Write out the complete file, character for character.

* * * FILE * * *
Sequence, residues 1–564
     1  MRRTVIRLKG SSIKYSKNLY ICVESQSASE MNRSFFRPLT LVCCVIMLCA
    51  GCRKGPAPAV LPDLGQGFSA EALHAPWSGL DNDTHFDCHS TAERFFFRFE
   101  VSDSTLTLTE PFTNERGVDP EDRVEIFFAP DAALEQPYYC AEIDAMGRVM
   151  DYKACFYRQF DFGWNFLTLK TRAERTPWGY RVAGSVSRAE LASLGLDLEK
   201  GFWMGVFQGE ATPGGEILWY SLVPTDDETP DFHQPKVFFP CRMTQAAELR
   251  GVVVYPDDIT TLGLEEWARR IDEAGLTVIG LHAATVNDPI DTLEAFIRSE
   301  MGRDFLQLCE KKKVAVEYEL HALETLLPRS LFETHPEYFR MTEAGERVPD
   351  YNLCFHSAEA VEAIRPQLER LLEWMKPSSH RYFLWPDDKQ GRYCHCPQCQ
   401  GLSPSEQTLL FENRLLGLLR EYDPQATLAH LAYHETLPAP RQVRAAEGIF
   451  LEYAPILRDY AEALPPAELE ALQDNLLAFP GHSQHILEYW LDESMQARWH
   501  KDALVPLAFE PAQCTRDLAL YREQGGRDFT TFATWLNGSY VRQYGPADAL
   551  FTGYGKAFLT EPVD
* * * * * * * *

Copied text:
Sequence, residues 1–564
     1  MRRTVIRLKG SSIKYSKNLY ICVESQSASE MNRSFFRPLT LVCCVIMLCA
    51  GCRKGPAPAV LPDLGQGFSA EALHAPWSGL DNDTHFDCHS TAERFFFRFE
   101  VSDSTLTLTE PFTNERGVDP EDRVEIFFAP DAALEQPYYC AEIDAMGRVM
   151  DYKACFYRQF DFGWNFLTLK TRAERTPWGY RVAGSVSRAE LASLGLDLEK
   201  GFWMGVFQGE ATPGGEILWY SLVPTDDETP DFHQPKVFFP CRMTQAAELR
   251  GVVVYPDDIT TLGLEEWARR IDEAGLTVIG LHAATVNDPI DTLEAFIRSE
   301  MGRDFLQLCE KKKVAVEYEL HALETLLPRS LFETHPEYFR MTEAGERVPD
   351  YNLCFHSAEA VEAIRPQLER LLEWMKPSSH RYFLWPDDKQ GRYCHCPQCQ
   401  GLSPSEQTLL FENRLLGLLR EYDPQATLAH LAYHETLPAP RQVRAAEGIF
   451  LEYAPILRDY AEALPPAELE ALQDNLLAFP GHSQHILEYW LDESMQARWH
   501  KDALVPLAFE PAQCTRDLAL YREQGGRDFT TFATWLNGSY VRQYGPADAL
   551  FTGYGKAFLT EPVD